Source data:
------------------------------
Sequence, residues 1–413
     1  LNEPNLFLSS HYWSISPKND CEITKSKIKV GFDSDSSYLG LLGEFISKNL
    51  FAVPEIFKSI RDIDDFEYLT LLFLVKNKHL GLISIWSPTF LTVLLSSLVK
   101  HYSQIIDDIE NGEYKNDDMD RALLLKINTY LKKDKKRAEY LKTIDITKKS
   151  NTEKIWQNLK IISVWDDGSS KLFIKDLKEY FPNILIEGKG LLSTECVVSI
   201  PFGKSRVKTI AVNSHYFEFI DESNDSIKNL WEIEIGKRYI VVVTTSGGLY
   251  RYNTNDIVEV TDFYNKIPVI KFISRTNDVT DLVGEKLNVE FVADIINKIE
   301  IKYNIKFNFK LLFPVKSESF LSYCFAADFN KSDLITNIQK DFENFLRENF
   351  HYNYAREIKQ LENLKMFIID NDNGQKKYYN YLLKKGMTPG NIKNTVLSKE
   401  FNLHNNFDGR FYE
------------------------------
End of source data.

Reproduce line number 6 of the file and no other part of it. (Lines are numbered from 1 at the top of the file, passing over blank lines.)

   201  PFGKSRVKTI AVNSHYFEFI DESNDSIKNL WEIEIGKRYI VVVTTSGGLY